Aberdeen oil firm Parkmead Group (LON: PMG) has acquired an onshore wind business for £3.3 million.
Kempstone Hill Wind Energy Limited, whose registered office is in Peterhead, Aberdeenshire, owns a three-turbine 1.5 megawatt (MW) onshore wind farm near Stonehaven, able to power up to 1,000 homes.
Parkmead said the acquisition will help it build “a robust and balanced European energy business”, and the board is “actively looking to further enhance in cleaner and renewable energies”.
It added Kempstone’s wind farm has a Feed-in-Tariff for the life of the project through until 2036 and the company generated nearly £400,000 revenues for the financial year to September 30, 2021.
Electricity is sold through a power purchase agreement which provides exposure to rising wholesale electricity prices.
Kempstone is owner-run with no employees. The business is expected to transfer to Parkmead’s registered address in Aberdeen in due course.
Chief executive Tom Cross said: “This important acquisition continues our clear and focused strategy to build a balanced energy group.
“Kempstone Hill provides another revenue-generating asset to Parkmead, which has a long-life and a very steady stream of cash flow. This operational wind farm is complementary to our earlier stage, high-upside renewable energy projects.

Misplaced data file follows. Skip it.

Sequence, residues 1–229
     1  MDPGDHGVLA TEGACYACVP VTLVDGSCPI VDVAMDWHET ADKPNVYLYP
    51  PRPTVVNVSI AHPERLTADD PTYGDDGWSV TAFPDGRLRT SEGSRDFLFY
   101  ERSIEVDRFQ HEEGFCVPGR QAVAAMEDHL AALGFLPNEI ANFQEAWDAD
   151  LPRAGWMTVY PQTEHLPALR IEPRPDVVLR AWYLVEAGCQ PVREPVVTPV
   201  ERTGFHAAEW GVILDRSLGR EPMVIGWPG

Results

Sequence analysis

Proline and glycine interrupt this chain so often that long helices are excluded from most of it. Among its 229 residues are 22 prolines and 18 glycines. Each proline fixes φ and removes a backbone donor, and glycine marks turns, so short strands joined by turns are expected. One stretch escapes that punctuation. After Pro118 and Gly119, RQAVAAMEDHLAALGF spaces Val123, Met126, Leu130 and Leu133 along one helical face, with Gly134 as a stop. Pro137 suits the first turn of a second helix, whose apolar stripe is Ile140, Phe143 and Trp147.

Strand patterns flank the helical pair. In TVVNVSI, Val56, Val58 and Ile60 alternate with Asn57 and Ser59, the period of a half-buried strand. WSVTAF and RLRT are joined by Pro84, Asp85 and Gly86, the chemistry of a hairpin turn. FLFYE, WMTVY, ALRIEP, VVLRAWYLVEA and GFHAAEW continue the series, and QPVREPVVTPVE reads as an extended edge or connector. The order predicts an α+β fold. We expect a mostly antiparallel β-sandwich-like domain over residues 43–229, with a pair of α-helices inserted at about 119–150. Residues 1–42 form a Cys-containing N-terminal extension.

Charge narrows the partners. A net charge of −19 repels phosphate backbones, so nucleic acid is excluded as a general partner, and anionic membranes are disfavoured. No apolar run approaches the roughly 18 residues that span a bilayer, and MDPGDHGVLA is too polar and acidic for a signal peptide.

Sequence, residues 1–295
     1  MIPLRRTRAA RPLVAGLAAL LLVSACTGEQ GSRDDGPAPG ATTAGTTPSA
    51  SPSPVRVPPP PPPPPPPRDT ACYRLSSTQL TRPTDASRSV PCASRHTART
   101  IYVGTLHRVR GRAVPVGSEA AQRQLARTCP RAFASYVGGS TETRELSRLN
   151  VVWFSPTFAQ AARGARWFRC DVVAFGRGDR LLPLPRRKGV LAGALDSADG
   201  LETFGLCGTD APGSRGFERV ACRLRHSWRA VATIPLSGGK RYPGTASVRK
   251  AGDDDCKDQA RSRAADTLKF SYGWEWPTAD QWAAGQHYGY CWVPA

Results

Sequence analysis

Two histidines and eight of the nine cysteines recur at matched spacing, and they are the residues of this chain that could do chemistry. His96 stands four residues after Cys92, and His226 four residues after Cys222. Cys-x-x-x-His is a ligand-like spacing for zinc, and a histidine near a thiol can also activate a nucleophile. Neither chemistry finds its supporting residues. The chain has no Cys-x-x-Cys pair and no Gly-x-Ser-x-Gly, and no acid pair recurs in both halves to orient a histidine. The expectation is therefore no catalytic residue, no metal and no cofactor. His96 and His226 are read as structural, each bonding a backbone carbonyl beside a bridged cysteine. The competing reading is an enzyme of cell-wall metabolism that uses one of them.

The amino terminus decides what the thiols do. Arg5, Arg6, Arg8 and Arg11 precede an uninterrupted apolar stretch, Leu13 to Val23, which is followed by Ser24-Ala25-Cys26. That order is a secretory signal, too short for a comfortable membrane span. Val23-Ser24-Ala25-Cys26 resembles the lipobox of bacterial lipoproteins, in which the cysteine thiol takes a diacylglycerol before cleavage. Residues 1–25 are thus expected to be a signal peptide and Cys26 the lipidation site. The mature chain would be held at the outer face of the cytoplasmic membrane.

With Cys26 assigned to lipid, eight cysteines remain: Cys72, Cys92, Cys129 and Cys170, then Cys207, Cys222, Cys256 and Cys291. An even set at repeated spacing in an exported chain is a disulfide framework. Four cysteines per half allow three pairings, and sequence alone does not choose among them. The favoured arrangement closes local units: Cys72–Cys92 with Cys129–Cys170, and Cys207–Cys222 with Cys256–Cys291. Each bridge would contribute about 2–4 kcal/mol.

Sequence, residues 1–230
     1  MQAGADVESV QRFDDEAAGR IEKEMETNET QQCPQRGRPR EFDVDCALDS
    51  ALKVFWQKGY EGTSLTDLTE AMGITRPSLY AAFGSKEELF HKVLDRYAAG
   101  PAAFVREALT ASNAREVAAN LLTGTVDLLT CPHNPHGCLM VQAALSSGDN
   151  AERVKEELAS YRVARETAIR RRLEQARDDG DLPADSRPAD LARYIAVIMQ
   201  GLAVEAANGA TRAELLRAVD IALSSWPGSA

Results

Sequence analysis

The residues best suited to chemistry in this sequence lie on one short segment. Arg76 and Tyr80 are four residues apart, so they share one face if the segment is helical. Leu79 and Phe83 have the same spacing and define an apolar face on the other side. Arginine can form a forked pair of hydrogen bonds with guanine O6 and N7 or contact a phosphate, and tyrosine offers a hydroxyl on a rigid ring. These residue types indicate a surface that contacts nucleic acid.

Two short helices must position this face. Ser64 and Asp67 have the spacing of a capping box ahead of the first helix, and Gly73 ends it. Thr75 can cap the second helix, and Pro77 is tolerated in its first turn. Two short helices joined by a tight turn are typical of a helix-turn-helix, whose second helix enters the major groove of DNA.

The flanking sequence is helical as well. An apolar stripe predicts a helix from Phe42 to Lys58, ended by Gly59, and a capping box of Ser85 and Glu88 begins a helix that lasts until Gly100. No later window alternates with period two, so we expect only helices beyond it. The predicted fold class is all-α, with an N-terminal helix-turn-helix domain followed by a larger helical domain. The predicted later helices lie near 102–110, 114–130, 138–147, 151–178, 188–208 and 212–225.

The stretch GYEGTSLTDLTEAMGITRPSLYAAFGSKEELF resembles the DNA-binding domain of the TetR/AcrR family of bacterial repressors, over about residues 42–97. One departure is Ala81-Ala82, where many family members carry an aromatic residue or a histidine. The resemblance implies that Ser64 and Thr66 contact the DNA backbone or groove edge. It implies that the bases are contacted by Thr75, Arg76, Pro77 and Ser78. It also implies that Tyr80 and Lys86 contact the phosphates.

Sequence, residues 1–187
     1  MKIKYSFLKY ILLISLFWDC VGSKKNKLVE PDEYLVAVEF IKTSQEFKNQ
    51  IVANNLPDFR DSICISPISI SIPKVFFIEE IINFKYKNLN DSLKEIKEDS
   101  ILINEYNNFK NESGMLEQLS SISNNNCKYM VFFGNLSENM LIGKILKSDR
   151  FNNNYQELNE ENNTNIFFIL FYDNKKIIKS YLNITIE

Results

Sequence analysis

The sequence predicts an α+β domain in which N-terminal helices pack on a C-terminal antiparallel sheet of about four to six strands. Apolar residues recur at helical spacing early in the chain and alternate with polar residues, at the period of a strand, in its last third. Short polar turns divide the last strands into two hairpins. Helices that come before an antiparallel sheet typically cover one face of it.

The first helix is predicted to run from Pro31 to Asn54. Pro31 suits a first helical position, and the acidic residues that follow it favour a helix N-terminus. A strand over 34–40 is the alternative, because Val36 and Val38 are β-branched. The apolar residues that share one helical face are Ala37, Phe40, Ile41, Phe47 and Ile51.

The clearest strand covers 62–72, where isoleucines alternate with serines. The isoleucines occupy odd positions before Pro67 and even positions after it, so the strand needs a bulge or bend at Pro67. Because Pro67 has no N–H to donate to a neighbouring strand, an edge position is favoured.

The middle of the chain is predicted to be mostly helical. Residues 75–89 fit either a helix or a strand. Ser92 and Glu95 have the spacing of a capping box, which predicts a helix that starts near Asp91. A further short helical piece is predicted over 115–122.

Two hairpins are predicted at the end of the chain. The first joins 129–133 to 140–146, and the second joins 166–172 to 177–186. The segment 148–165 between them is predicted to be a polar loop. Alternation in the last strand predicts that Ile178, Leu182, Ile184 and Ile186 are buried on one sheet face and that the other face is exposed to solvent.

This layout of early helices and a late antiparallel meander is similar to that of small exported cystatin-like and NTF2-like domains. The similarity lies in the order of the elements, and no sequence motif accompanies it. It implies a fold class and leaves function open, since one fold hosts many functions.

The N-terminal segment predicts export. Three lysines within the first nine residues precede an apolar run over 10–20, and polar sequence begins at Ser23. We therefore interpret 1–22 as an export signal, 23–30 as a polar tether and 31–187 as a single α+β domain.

“The energy industry is experiencing rapid change and the Parkmead team is growing our Company through these challenges and adding exciting opportunities in renewable energy. We will continue to build a portfolio of high-quality energy projects through acquisitions, organic growth and the active management of our assets across all energy sectors.”
London-listed Parkmead’s revenues come from gas producing fields in the Netherlands.
The company is also trying to develop the Greater Perth Area in the UK North Sea via CNOOC’s Scott platform.
Despite its portfolio being geared towards North Sea oil and gas, Parkmead is not a stranger to the onshore renewables market.
The firm heralded its entry into the sector in 2019, buying farmland majority-owned by the wife of chief executive Tom Cross.
That deal, for Pitreadie farm, was acquired for building onshore wind turbines.
Last year the firm raised £4 million through the sale of “non-core” land from its portfolio, though it did not specify where.